Senate investigation finds DOJ counted nearly 1,000 deaths in jails or prisons by 2021

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Belinda Maley says she replays the last conversation she had with her son Matthew Loflin in her head every day.

An audio recording reveals their conversation while Loflin was held in the Chatham County Detention Center in Georgia in 2014.

“I have to go to the hospital,” Loflin told his mother during the phone call. “I’m going to die here.”

Loflin had been arrested for drug possession and was awaiting his day in court.

While in prison, he complained of health problems and begged for help, according to his family.

“I’m coughing up blood and my feet are swollen,” Loflin said during the phone call. “It hurts.”

Despite his cries for help, Loflin did not receive proper medical care for a heart condition while in prison, according to a report from a two-pronged Senate investigation.

The Chatham County Sheriff’s Office said Loflin was sent to the hospital where he died.

Loflin’s family filed a lawsuit against the prison health care provider and other officials at the time, but the case was dropped in 2019, according to court records.

Maley came to Capitol Hill to share her story with lawmakers and spoke to our Washington News Bureau for her public testimony.

“He begged me to help him get out because he knew he was going to die and he didn’t want to die there,” Maley said.

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Loflin’s story exemplifies hundreds of deaths a year in jails or prisons, according to a new report just released by the Senate Permanent Subcommittee on Investigation.

The findings show that the United States Department of Justice (DOJ) failed to report at least 990 deaths in prisons or prisons across the country last year and failed to provide complete information on deaths from custody.

Those understated deaths were reported at the state or local level, but not at the federal level, affecting the information given to members of Congress.

The report says this means the DOJ has not effectively followed the Death in Custody Reporting Act (DCRA).

“This failure, in turn, undermined Congressional transparency and oversight of deaths in custody,” the report said. “DOJ’s failure to implement DCRA has robbed Congress and the American public of information about who dies in custody and why. This information is critical to improve transparency in prisons and prisons, and to identify trends in custodial deaths that may warrant corrective action…”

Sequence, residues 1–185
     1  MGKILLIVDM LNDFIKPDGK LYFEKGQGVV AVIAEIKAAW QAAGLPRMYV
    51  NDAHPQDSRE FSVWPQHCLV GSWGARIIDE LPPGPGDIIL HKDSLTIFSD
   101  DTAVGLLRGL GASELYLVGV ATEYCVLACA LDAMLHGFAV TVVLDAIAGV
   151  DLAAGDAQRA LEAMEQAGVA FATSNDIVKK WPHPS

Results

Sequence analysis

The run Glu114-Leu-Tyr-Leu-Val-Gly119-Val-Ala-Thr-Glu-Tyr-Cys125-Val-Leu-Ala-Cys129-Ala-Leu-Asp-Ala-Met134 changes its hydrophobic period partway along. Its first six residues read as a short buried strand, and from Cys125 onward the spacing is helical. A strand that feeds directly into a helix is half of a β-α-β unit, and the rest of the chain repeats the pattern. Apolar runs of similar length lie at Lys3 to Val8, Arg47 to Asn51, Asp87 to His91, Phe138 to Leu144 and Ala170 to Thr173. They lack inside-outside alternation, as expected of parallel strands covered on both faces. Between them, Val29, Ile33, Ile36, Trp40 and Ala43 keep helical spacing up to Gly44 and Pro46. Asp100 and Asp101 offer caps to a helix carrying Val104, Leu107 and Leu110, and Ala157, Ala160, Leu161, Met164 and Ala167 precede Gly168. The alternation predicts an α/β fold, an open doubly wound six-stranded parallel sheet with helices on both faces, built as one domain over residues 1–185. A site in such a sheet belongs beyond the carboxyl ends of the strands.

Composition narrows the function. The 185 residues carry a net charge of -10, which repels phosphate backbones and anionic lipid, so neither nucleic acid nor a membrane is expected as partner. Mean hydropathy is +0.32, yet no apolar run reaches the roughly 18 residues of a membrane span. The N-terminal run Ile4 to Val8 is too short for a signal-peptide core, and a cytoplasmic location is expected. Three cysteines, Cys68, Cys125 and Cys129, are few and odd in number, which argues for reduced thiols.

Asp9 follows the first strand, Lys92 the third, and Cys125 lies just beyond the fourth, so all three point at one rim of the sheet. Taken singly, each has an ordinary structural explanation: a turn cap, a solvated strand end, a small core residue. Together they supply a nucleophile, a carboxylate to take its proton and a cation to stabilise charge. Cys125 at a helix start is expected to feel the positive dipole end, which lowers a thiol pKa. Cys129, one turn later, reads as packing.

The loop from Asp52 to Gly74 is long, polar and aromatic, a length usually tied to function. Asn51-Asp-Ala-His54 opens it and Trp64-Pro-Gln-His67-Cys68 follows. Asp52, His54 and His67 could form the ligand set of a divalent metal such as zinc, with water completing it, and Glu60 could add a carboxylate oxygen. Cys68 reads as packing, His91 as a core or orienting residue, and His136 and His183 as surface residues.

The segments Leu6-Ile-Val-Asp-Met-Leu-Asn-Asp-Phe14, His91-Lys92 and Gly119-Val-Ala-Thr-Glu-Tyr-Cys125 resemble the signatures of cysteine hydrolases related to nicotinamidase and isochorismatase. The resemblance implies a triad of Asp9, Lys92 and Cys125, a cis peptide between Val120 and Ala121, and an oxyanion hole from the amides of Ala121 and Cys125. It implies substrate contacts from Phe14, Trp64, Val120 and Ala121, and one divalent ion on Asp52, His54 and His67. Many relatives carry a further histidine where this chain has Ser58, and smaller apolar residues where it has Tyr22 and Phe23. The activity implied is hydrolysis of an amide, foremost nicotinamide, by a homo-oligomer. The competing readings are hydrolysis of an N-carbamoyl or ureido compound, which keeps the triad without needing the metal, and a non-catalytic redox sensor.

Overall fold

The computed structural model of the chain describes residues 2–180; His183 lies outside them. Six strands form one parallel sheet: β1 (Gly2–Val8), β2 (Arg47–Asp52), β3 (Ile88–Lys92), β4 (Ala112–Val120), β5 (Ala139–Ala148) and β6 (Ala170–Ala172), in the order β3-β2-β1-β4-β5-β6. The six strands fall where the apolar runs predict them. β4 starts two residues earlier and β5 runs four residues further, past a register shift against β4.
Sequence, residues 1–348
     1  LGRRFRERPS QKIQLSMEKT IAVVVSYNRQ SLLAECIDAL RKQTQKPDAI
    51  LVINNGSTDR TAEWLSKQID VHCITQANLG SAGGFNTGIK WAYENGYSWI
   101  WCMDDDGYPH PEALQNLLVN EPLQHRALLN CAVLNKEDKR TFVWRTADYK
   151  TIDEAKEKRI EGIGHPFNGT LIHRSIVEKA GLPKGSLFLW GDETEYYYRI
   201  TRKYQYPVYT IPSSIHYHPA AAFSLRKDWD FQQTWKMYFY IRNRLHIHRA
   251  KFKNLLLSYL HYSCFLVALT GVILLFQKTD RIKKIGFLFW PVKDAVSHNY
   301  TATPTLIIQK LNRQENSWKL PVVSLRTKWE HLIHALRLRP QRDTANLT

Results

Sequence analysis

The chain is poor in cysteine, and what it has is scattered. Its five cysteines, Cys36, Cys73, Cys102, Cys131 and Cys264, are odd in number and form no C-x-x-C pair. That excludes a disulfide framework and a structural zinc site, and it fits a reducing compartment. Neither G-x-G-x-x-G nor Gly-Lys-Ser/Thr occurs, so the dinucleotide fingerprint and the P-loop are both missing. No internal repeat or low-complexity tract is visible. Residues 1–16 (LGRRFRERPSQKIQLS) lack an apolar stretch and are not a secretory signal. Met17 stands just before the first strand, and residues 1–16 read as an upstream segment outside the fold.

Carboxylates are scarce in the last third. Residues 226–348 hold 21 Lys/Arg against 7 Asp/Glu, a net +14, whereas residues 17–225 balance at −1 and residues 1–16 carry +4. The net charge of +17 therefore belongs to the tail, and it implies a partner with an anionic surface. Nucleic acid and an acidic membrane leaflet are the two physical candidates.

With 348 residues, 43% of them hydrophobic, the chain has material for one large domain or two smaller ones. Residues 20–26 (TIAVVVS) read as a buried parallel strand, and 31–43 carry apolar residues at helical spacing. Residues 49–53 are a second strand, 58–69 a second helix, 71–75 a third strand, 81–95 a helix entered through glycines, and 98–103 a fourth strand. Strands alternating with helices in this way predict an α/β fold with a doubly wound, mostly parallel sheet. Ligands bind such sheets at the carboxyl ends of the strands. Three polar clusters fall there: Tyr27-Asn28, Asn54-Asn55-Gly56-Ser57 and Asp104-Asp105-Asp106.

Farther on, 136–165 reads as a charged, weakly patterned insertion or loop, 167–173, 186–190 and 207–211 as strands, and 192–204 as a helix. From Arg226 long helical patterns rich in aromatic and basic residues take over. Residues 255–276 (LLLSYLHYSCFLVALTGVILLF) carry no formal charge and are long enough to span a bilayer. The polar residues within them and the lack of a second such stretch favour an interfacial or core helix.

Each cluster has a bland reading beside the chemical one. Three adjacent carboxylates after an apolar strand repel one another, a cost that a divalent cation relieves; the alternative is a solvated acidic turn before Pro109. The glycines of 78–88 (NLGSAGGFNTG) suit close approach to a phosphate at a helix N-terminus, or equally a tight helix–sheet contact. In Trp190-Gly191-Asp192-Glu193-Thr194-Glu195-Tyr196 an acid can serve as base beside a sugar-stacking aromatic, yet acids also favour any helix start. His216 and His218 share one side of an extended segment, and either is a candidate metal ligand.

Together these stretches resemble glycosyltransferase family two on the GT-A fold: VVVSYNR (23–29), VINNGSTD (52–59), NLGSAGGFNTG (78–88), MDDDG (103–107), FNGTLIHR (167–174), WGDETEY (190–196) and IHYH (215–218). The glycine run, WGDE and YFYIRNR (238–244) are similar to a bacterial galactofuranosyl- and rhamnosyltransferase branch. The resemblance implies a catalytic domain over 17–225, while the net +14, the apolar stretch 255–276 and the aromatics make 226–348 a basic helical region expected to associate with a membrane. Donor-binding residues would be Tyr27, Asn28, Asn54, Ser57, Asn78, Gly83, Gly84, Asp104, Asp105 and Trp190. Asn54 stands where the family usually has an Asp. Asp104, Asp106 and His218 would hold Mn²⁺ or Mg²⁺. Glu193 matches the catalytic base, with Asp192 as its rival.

The death of Jonathan Fano also came up in the investigation.

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According to the report, Fano was arrested in Louisiana in October 2016 after acting erratically during a mental health episode.

Fano was arrested and held at East Baton Rouge Parish Prison, where he was denied psychotropic medication to treat his mental illness, according to the Senate report.

Fano committed suicide in February 2017 while in custody.

Our Washington News Bureau spoke to his sister Vanessa Fano, who also came to Capitol Hill to be a voice for her brother.

“I have put our trust in the system,” says Vanessa Fano. “He struggled to be isolated. He felt alone… He wasn’t just a statistic. He wasn’t just a number. He had a family. He had a story. He had ambition, dreams.”

Lawmakers held a hearing Tuesday and questioned the DOJ about the reporting errors.

“What the United States is allowing under our watch to happen in prisons, jails and detention centers across the country is a moral disgrace,” said Senator Jon Ossoff (D-GA), chairman of the Permanent Subcommittee on Investigation. “We found that implementation of this law has failed in recent years and across multiple administrations, despite clear internal warnings from DOJ’s own Inspector General and DOJ’s Bureau of Justice statistics.”

“The American people deserve the truth here,” said Senator Ron Johnson (R-WI), Ranking Member of the Permanent Subcommittee on Investigation. “The American people deserve to understand what is happening in federal government agencies.”

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The DOJ testified about collecting data on custody deaths, but pointed to challenges under current law.

“We believe that collecting data on deaths in custody is a noble and necessary step towards a transparent and legitimate justice system,” said Maureen Henneberg, Deputy Assistant Attorney General for Operations and Management in the Office of Justice. Programs for the DOJ. “The current process deserves a reappraisal.”

The DOJ says it is working to improve state data collection.

“We can no longer collect data directly from state and local agencies like we once did,” Henneberg says. “We are working hard to get more comprehensive reporting from states and continue to help states improve reporting.”

The families we spoke to say they are determined to prevent others from suffering the same loss.

“As I stand here, I am reminded that Jonathan will not return home,” Fano said. “The only thing that can really necessarily be done is try to make sure this doesn’t happen to others again.”

“If they’re in jails or in prisons, they’re still people and they have rights,” Maley said.

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